Corridor Canyon is a fairly well-known and highly regarded canyon deep in the Last Change Range which contains a one-mile long corridor of towering rock walls in the central narrows.  Difficulties encountered on the hike include having the proper HC or 4WD vehicle to drive to the starting point, route finding to access the canyon by way of two unnamed side canyons, climbing down (and back up) one dry fall which some hikers find challenging, and not getting lost on the return hike back to the vehicle.  A Google Earth map of the hiking route (turned slightly to the northeast for better viewing) can be found by clicking on the button above.  GPS coordinates for the parking area are 36° 44.952'N, 117° 35.094'W.  GPS coordinates for the Round Valley junction are 36° 45.274'N, 117° 36.208'W.  GPS coordinates for The Corridor are 36° 44.925'N, 117° 37.017'W.
Because Corridor Canyon is such a long and hard-to-reach canyon, I have split up coverage of it into three different reports.  The main Corridor Canyon report, which is this one, covers the side canyons which lead to Corridor Canyon and the one-mile section of canyon known as The Corridor.  The other two reports are Lower Corridor Canyon (covering the lower end of The Corridor to the canyon mouth in Saline Valley) and Upper Corridor Canyon (covering the upper end of The Corridor to the canyon head in Round Valley).  Corridor Canyon was a destination in Death Valley that I did extensive research on for months before visiting.  I read trip reports, guidebook descriptions, looked at photographs, and analyzed maps to prepare for the hike of just over three miles down to The Corridor.  The Corridor is a one-mile section of canyon narrows in between two vertical rock walls, one on each side of you.  It is a place that is also perfectly straight to walk through except for two small breaks which divide The Corridor into the upper, central, and lower sections.  The easiest way to access The Corridor portion of Corridor Canyon is to drive Racetrack Road and turn off onto the spur road which leads to Ubehebe Lead Mine.  After parking there and exploring the historical mining remnants and structures, follow the minor wash which forms the first side canyon for about 1 2/3 miles down to the Round Valley junction.  Stay left at the junction and continue to follow the obvious flow of the converging washes down the second side canyon for another 1 1/3 miles.  During this section, there is one small dry fall which must be downclimbed.  The dry fall is tricky enough that I have read online of some instances where hikers decided to turn around over a fear of not being able to get back up the dry fall on the return hike.  Most hikers with minor climbing skills should have no problem with this dry fall.  But it always helps to hike with a friend which allows for giving boosts and a helping hand where needed.  Prior to entering Corridor Canyon, two sets of short but beautiful narrows are passed through, making the hike enjoyable up to this point.  The hike gets even better when the final side canyon narrows abruptly deposit you into The Corridor, which is the central part of Corridor Canyon.  Because The Corridor is one mile long, it will take considerable time to study the walls and get good photographs.  Turning right upon entering Corridor Canyon will take you to the upper portion of The Corridor.  There is a major dry fall at the upper end which should not be climbed or scrambled around due to safety concerns.  Keep in mind that Upper Corridor Canyon should only be accessed from the head of the canyon in Round Valley, as that is the safest route.  More information about that is contained within my Upper Corridor Canyon report.  Turning left upon entering Corridor Canyon takes you into the central and lower portions of The Corridor.  Continuing on past the end where there is a sharp bend leads you into Lower Corridor Canyon.  Following this trip report, you may wish to continue along with me to see either Lower Corridor Canyon or Upper Corridor Canyon by clicking on the links back on the main page.  By doing this, you can see the rest of Corridor Canyon in all its beauty and majesty.  One key safety alert is to pay attention while hiking down the two side canyons which lead into Corridor Canyon.  It is easy to get lost on the way back.  I know, because it happened to 2 out of 3 of the people who were hiking in my group.  So carry a GPS device, topo map, or take close note of every junction passed (of which there are at least five that are passed by).  The photographs included within this report are a combination of two different hikes which I have taken down to Corridor Canyon.  The first hike was on April 28, 2007 and the second hike was on November 15, 2009.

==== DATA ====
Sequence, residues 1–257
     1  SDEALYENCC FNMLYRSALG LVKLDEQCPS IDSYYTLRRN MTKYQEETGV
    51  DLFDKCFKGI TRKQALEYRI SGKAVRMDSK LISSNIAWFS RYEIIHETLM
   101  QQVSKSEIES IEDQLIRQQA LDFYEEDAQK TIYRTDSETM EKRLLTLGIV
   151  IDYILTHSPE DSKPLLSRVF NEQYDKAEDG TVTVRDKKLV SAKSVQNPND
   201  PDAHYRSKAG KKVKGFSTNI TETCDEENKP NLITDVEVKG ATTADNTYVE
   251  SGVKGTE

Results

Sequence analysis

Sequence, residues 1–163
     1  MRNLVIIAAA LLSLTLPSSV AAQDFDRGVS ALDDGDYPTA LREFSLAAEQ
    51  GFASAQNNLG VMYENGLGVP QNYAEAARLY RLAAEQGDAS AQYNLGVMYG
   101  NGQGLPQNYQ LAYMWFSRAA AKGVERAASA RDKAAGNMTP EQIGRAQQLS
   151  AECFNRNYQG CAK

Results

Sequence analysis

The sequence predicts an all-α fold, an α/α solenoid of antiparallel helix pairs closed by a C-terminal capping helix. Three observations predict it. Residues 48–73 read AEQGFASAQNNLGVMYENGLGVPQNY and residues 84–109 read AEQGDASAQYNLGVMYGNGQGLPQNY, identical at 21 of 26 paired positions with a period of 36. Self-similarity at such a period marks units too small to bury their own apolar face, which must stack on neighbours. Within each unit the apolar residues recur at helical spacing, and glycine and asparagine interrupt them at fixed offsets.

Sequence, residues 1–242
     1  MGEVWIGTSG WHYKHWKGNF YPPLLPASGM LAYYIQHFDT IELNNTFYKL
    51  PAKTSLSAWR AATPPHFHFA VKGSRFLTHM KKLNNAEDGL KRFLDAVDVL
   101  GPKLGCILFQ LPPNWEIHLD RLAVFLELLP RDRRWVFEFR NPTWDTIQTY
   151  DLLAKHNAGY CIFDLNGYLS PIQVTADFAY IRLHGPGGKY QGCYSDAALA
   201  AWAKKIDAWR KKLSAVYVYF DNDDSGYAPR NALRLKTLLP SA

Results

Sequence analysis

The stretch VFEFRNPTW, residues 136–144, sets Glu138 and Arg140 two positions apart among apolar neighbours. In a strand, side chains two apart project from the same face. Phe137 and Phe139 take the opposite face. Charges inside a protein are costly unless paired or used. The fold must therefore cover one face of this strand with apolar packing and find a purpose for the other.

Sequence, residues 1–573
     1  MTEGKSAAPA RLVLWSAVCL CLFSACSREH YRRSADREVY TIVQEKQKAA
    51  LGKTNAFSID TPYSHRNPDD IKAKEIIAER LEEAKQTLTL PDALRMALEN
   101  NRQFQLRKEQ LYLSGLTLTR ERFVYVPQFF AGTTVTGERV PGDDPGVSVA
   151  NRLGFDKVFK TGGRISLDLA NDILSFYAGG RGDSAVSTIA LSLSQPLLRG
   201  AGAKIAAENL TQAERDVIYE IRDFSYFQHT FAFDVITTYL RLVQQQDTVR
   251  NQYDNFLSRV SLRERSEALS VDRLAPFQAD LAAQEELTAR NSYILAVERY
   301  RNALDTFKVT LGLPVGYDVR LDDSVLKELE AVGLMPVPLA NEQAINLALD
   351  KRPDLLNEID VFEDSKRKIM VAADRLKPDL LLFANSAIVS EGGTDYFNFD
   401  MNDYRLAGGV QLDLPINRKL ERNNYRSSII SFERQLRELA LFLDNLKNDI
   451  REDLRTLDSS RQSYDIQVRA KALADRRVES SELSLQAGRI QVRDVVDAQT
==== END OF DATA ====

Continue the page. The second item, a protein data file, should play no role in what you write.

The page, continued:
Many more photographs taken during our visit are available for viewing for this destination.  To see all of them, choose one of the two options presented below.  The two options are Slideshow viewing and Trip Report viewing.  The Slideshow option allows for viewing larger images with an autoplay option and a full screen option (available on most browsers).  This option works very well for large computer screens and tablets.  The Trip Report option allows for viewing smaller pictures in a standard scroll-down format and enlarging of any panoramic photos taken during our visit.  Click on the option of your choice to view all of our photos from this destination.  The Slideshow format opens in a new browser window and the Trip Report format uses the same browser window for viewing.